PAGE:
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Acronymfinder

What does NLHN stand for?

NLHN stands for National Latina Health Network


This definition appears very rarely and is found in the following Acronym Finder categories:

  • Organizations, NGOs, schools, universities, etc.

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Samples in periodicals archive:

To date, 10 organizations have signed a pledge of commitment to promote AHRQ's Spanish-language, evidence-based resources, including the National Hispanic Medical Association, Latino Student Medical Association, National Association of Hispanic Elderly, District of Columbia Office on Latino Affairs, National Latina Health Network, Telemundo, and the National Center for Farmworker Health.
Tailoring such environments to speak to and meet the needs of growing minority communities is particularly crucial, said Amanda Caballero-Holmes, vice president of community health initiatives at the National Latina Health Network.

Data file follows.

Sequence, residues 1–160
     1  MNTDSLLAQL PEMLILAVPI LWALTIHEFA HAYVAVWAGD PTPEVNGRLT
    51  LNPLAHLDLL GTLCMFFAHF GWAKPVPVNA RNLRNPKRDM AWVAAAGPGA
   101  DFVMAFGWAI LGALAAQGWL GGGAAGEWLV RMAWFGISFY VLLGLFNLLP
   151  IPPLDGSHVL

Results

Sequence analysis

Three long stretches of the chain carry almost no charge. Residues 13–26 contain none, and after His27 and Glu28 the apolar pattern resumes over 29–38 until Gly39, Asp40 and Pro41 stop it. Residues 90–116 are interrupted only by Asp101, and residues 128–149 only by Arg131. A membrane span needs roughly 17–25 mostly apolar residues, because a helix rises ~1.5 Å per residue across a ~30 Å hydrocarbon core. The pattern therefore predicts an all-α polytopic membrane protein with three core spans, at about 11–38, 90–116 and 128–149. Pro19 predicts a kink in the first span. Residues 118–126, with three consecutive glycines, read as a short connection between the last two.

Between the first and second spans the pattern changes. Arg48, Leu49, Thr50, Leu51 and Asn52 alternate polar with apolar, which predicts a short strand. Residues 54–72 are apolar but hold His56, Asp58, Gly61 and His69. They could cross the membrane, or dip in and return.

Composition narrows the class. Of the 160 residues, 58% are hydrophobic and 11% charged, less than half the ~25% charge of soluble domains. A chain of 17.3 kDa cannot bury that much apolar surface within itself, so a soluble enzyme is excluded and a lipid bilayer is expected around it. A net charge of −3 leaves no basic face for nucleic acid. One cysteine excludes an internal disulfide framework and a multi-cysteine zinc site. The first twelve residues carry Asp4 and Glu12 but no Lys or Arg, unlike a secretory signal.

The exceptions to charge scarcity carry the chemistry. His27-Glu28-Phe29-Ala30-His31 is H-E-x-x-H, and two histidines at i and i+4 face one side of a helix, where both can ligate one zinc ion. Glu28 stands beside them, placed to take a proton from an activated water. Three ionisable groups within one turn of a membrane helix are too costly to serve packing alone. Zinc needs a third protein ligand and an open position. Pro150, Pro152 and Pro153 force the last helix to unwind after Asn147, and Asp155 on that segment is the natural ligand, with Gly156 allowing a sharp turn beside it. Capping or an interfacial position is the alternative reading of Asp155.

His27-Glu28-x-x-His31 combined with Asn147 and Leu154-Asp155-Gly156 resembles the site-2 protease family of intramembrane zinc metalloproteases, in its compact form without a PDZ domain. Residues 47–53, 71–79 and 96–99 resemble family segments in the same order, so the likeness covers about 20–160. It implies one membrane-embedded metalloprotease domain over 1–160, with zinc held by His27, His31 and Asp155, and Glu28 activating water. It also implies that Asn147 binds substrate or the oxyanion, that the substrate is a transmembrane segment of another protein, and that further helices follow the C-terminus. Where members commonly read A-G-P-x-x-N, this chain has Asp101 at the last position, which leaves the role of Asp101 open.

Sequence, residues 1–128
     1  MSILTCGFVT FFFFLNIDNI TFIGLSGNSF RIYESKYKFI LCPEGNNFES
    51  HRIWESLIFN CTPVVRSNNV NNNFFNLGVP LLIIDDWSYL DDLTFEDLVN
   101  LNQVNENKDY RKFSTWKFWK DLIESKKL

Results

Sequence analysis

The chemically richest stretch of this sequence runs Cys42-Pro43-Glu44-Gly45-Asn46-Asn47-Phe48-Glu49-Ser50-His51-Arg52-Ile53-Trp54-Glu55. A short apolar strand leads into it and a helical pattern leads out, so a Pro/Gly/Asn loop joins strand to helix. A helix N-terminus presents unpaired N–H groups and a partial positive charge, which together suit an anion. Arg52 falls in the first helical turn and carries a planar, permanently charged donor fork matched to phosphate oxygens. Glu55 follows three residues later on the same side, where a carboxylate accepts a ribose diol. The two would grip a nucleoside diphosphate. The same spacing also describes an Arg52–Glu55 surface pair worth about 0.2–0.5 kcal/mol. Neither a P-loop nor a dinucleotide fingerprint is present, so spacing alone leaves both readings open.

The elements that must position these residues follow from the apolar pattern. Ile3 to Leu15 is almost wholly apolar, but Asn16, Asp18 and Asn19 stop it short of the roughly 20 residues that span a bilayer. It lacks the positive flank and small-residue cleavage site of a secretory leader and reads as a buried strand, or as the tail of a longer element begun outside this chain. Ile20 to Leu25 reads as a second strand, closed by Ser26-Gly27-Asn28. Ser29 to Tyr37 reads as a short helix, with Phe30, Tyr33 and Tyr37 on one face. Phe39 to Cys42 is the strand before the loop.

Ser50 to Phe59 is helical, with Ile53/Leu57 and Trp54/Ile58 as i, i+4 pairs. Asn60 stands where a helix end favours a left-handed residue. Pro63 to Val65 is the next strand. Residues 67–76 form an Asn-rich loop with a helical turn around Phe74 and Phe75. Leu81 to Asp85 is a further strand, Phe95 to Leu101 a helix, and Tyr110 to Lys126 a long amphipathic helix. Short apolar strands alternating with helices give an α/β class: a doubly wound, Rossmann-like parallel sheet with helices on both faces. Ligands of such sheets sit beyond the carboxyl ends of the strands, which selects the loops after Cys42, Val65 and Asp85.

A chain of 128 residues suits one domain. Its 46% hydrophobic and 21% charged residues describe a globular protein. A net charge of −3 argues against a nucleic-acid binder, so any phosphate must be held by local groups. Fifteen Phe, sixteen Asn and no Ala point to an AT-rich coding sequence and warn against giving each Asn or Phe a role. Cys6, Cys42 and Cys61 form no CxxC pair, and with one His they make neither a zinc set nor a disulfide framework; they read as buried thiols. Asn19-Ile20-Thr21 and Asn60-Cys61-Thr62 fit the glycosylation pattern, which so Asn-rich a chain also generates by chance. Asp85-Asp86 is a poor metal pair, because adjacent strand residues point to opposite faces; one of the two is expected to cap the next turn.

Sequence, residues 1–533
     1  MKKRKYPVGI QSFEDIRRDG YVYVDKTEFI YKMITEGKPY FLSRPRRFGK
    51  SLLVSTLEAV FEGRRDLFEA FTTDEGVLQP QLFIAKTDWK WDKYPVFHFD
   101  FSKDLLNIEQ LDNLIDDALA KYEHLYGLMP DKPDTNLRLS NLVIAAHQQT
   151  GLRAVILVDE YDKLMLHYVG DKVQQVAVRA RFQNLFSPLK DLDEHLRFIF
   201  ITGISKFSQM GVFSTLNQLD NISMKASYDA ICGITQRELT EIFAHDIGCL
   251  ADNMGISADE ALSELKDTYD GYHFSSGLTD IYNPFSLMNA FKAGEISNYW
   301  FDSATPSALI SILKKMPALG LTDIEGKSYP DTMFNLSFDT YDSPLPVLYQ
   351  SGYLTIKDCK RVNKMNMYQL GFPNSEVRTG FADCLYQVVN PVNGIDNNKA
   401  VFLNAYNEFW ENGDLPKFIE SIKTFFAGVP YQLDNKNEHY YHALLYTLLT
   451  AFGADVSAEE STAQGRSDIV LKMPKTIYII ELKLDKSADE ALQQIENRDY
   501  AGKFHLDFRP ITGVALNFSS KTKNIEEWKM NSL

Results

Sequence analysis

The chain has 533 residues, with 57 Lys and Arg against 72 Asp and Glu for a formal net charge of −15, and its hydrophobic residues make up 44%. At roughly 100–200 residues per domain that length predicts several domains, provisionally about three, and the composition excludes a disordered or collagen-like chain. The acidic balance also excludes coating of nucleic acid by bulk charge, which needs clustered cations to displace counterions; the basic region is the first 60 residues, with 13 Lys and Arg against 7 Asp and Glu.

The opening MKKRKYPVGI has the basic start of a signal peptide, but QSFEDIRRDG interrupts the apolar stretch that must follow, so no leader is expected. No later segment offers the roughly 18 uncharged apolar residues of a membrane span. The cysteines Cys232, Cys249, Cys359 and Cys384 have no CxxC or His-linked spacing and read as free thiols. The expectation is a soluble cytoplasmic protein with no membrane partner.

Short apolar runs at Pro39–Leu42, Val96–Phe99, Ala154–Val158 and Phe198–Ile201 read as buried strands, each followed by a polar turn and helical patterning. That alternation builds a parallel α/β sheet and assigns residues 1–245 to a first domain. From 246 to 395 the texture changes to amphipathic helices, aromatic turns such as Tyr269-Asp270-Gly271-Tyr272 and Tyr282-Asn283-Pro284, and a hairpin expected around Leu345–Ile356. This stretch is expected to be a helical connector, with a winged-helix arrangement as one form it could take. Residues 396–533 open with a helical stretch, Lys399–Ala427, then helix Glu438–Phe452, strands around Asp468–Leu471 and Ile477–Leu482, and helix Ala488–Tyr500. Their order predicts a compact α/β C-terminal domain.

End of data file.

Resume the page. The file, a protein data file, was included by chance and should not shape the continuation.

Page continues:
The focus of PAHO's efforts to improve access to medicines and healthcare, which is of particular importance to patients in Latin America, should be less on intellectual property, and more on creating long-term solutions," said Elena Alvarado, President and CEO of the National Latina Health Network.
Organizations participating in One4One are American Social Health Association, Black Women's Health Imperative, Lance Armstrong Foundation, Gynecologic Cancer Foundation, Native American Cancer Research, National Asian Women's Health Organization, National Cervical Cancer Coalition, National Latina Health Network and Tamika & Friends, Inc.
Partnering organizations include the Black Women's Health Imperative, Interamerican College of Physicians and Surgeons, National Alliance for Hispanic Health, National Association of Neighborhoods, National Council of La Raza, National Latina Health Network, The National Association of Hispanic Nurses, and The National Black Nurses Association.
Representing the urgent needs of women of color -- who are least likely to have healthcare options and most often suffer from reproductive health disparities -- a diverse coalition of women's health and civil rights groups, including the Black Women's Health Imperative, National Latina Institute for Reproductive Health, NAACP, the National Council of Negro Women and National Latina Health Network, helped broaden the March's aim to fight for equal access to the full range of women's health care services.